How could we possibly discuss scientific theories or ideas without the language to describe them? Name ONE WORD with a scientific connotation that does not have the etymology of myth. There are none. Zero . zip. nada.

    • susan

      I don’t understand your statement. for example, Biology, From Greek: “Bio”= life, “(o)logy”= the study of, hence biology is the study of life processes and living organisms. No etymology of myth here that I see. I am missing your point, I fear.

      • http://craigvick.wordpress.com Craig Vick

        “(o)logy” is from ‘logos’. I suspect you may find some myths there.

        • susan

          logos means word in greek. it was modified in o(logos) to mean study. To point to the word”logos” and say there is myth behind it is like saying “English” has myth behind it. Be specific if you want recognition for your claims (from me). Say, e.g., “Thursday” has myth behind it (Norse, Thor’s day). This is true, even if we would no longer think of Thor when referencing Thursday in conversation. I am a physician, and before that, a molecular biologist. There is myth in some scientific nomenclature (recently two newly discovered microorganisms, bacteria, were named after creatures in pulp sci-fi literature, and the enzyme which allows fireflies to glow was snarkily named “luciferin”, a name whose etymology I need not explain further.) But to say that all of our scientific language comes from myth is inaccurate to a very high degree. Where is the myth in logos?

          • http://craigvick.wordpress.com Craig Vick

            The myth is found in connecting word with knowledge. ‘Word’ by itself doesn’t mean ‘study’. It has to get there somehow. The myth or myths I have in mind would be those relating the Truth to the Word. I might say, for example, that as a biologist I’m looking for the logos with respect to life. I hope that’s specific enough. I find Susan Burns comment to be worthy of conversation and thought. I’m not sure I agree with it, but I don’t want to see it dismissed too quickly.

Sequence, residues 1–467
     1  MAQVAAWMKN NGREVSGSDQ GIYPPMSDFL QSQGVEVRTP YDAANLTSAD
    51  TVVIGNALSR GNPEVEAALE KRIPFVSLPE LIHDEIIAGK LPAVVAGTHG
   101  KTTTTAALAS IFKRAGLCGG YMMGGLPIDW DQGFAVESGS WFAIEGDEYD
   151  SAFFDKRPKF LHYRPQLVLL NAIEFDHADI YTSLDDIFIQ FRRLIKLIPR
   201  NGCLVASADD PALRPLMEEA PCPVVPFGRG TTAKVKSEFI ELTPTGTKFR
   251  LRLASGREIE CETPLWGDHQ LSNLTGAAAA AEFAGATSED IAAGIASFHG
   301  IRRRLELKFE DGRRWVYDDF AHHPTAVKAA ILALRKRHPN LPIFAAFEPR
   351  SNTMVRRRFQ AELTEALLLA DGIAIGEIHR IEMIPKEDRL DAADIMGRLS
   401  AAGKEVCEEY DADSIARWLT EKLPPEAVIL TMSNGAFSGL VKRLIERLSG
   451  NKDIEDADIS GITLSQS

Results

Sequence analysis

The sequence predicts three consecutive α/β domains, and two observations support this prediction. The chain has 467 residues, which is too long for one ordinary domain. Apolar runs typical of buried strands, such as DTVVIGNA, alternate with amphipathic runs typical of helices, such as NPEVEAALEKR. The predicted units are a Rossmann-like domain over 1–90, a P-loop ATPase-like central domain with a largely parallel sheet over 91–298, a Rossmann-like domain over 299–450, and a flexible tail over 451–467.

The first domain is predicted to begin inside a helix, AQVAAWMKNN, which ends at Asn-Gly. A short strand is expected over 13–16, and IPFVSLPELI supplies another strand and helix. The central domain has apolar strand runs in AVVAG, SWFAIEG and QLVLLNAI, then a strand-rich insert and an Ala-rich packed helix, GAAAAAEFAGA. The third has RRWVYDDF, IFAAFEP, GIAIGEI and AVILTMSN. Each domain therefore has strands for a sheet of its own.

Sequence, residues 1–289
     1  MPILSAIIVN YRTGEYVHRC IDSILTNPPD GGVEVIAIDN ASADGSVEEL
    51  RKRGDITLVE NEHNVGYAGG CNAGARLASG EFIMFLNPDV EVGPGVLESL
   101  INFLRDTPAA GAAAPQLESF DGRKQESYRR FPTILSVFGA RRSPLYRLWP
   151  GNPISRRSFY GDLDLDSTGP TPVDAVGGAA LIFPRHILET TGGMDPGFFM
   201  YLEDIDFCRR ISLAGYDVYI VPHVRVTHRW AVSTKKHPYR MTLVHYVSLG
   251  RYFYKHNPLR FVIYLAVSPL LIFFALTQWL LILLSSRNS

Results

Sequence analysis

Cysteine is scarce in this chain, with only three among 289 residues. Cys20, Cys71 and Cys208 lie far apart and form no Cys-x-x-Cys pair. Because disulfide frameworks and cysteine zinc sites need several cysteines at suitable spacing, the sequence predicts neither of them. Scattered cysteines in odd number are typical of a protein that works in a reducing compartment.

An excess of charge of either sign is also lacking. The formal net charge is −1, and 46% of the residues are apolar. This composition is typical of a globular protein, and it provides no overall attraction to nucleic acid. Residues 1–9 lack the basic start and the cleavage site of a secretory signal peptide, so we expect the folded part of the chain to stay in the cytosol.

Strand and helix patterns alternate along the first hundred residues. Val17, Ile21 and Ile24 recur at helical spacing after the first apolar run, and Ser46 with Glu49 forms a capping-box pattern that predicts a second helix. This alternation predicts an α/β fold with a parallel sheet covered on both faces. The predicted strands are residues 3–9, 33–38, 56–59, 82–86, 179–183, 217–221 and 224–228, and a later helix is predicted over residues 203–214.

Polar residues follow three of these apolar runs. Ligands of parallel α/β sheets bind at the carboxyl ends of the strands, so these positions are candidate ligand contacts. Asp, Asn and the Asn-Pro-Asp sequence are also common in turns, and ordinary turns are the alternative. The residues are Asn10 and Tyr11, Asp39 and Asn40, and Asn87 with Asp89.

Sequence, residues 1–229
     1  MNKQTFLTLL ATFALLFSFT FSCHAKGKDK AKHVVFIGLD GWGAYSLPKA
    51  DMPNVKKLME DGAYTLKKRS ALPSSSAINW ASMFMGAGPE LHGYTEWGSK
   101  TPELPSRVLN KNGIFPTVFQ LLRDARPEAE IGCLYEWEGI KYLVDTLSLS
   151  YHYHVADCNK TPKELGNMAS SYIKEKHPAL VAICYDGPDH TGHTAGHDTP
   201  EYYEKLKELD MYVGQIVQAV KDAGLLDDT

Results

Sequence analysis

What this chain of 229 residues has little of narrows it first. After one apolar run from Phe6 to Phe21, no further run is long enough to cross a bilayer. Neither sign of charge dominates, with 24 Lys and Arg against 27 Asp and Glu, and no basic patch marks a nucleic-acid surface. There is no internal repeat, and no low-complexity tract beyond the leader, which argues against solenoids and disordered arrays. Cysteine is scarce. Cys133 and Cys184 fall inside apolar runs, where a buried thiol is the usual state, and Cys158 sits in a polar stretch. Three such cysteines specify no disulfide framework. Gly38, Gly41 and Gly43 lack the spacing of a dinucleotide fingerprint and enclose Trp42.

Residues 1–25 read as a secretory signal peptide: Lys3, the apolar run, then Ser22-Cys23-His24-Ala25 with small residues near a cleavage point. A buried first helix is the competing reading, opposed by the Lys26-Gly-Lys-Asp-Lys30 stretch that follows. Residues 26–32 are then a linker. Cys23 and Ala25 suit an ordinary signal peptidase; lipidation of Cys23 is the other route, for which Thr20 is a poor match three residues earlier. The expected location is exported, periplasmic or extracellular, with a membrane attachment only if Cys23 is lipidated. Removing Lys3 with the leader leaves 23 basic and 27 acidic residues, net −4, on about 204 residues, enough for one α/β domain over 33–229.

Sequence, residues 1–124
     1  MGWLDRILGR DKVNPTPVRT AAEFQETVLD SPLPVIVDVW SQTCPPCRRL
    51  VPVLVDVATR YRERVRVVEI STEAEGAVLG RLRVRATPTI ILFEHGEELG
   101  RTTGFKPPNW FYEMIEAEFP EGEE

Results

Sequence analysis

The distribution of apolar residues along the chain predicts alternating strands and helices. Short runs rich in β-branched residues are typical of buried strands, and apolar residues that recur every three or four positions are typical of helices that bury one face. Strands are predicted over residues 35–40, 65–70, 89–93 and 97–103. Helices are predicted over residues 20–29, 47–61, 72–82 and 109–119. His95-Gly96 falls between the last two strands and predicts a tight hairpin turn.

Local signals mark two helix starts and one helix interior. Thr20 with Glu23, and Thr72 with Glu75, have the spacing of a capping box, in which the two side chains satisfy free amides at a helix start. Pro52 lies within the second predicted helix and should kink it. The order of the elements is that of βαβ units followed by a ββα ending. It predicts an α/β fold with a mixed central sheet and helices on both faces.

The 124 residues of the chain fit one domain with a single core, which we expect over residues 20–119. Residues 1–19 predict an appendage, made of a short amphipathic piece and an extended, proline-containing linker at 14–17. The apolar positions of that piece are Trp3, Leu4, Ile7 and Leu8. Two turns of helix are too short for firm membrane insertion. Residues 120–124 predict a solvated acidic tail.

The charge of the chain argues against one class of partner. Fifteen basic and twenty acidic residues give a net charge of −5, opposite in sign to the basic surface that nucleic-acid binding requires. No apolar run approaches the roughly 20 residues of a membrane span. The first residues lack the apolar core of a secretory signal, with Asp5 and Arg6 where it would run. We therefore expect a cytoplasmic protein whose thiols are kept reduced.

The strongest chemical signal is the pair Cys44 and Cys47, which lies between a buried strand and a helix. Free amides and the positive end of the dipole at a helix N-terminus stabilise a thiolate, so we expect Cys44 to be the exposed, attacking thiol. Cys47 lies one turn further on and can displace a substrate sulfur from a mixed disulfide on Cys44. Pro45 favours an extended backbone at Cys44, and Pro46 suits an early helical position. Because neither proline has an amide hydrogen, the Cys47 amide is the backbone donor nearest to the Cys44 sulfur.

• susan

            I’m still missing Susan Burns’ point, and maybe yours, too, Craig, though I *think* I can relate better to your statement that to Susan’s original claim.

          • TJR

            If anyone wanted to check Susan Burns claim they could get a dictionary of scientific terms. Pick out a few words. Then look them up in a dictionary that gives etymologies like the OED. As for, ” Name ONE WORD with a scientific connotation that does not have the etymology of myth”. I looked up evolution in the OED and didn’t see anything about myth.

          • http://craigvick.wordpress.com Craig Vick

            I should probably let Susan Burns comment for herself. I read her challenge, which is perhaps a little overly dramatic, as a check on the view that when we do science we have a pure and precise language that at its best gives us absolute truth. Historically, attempts at such a purification of language find it difficult or even impossible to break away from ordinary language (with all of its impurities and mythological commitments). ‘Evolution’ is from a Latin word which means to unroll like a scroll. To see all of life as unrolling like one would unroll and read a scroll seems pretty mythological to me.

          • susan

            I am grateful to the powers that be for the avatar I was assigned because it pretty accurately reflects how I feel about this now. Either I’m dense (a possibility), too concrete (also a possibility), or this conversation is absurd. And I’m pretty sure that when I say avatar, people will not mistake it for the Hindu deity that comes down incarnate. You are making discourse impossible.

          • http://craigvick.wordpress.com Craig Vick

            Susan, you’re clearly not dense. I’m sorry that I’m not writing more clearly.

  • Craig Wright

    Wow! Thank you, Dr. Lamoureux, for providing those notes from your sic-rel course (350 slides). I got some good information from them. I teach adult bible studies at my church, and this is a lively topic.

  • James

    Not having read the book, I find the slide presentation reductionistic–no doubt dumbing down for common consumption. For example, “scientific concordism” doesn’t work considering the “ancient science” of the Bible. So, “don’t conflate but separate.” If only the truth was that dualistic, even Gnostic. Maybe the author is aware of recent efforts to resurrect a natural theology that allows the bible to speak in subtle ways to the way things are in nature–after all. Evolutionary Convergence may be an example of scientific concordism at a deeper level. Simon Conway Morris defines EC as “the propensity for biological forms to navigate repeatedly to the same solution…this must include intelligence.” Thus modern science may be shown to support (concord with) the biblical assertion: “In the beginning God created the heavens and the earth.”